Caspar David Friedrich, The Wanderer above the Sea of Mist, 1818
Looking at paintings by Caspar David Friedrich and others, I always thought there must be a term that describes that figure with his back to us, contemplating the natural scene before him. And I was right, there is such a term, the German word Rückenfigur, or back figure (clearly the German word is better).
A Rückenfigur is ‘a person seen from behind, contemplating the view. The viewer is encouraged to place himself in the position of the Rückenfigur, by which means he experiences the sublime potential of nature, understanding that the scene is as perceived and idealised by a human.‘ (Elizabeth Prettejohn).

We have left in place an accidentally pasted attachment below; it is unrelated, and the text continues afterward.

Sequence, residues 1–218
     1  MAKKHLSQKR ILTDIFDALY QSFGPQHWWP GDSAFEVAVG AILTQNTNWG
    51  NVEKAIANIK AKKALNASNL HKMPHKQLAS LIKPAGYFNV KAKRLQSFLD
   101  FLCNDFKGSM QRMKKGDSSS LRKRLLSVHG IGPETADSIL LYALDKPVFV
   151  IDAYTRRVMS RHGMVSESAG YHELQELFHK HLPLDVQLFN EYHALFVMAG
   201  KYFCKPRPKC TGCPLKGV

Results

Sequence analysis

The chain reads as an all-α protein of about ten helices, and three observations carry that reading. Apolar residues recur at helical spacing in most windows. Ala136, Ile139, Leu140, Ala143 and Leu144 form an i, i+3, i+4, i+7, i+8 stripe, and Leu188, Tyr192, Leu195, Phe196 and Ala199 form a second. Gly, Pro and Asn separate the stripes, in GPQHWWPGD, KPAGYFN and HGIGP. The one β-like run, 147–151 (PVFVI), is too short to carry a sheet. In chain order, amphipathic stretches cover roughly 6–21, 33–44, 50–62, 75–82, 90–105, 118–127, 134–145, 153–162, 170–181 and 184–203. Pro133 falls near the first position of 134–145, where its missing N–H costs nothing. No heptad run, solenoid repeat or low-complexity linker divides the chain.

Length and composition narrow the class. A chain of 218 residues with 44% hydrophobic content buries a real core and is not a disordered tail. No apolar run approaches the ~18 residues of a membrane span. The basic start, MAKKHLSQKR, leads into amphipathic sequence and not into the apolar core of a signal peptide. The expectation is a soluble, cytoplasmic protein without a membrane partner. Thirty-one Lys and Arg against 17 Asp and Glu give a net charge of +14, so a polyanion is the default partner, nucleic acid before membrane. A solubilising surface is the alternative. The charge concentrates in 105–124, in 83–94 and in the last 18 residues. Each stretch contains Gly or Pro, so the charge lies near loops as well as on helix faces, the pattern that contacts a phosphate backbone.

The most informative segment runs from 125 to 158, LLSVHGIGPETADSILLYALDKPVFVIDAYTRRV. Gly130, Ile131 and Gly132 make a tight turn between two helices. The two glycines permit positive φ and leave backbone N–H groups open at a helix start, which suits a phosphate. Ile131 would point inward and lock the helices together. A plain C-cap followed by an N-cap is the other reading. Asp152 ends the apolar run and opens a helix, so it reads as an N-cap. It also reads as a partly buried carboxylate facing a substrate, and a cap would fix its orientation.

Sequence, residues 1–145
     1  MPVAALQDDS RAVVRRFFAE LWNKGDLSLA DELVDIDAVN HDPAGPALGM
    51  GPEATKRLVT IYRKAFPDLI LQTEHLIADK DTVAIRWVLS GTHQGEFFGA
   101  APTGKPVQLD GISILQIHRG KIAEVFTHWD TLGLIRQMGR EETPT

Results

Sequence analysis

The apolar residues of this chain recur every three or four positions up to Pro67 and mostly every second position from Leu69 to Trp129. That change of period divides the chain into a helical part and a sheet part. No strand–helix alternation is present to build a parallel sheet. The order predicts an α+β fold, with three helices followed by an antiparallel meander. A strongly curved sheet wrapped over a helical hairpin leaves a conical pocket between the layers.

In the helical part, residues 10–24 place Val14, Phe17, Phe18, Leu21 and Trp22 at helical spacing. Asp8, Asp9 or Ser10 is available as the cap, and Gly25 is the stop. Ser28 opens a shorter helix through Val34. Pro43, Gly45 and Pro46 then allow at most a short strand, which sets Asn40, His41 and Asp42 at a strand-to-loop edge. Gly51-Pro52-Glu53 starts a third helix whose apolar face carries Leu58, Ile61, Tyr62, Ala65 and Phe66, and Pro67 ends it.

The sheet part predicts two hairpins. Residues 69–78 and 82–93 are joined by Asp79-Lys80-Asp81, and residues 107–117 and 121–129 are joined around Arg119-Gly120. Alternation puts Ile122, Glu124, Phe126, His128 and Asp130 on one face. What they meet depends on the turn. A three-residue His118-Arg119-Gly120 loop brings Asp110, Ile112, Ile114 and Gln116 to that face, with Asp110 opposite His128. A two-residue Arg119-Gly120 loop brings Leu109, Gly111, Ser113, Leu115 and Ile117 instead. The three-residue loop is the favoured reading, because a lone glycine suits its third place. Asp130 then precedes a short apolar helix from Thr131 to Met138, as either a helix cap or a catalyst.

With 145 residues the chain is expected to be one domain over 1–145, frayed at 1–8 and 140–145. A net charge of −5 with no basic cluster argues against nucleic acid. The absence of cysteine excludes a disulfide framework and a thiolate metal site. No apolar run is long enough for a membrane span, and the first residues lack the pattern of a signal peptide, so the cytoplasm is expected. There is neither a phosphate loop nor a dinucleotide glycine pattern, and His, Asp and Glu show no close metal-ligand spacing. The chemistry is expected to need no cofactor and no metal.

In Friedrich’s Romanticist work from the early 19th century, the new idea of Nature is the subject. Nature as a primal wilderness separate from Man was a concept that barely existed before that time, so Friedrich’s paintings were significant, depicting a sublime otherness which human beings must negotiate. See how the figure in his painting above is conspicuously clothed and even carries a walking stick. The two realms of Nature and Culture are confronted within the painting.
Nature ain’t what it used to be, so when Stephen Shore in the 1970s and Louis Porter in the 2000s focussed on the same topic (Porters’s image pays homage to Shore’s) nature is still the subject, but present only through its absence. And both photographers capture resignation and defeat in their rückenfigur figures.
Stephen Shore, El Paso Street, El Paso, Texas, July 5, 1975
Louis Porter, from Unknown Land, 2010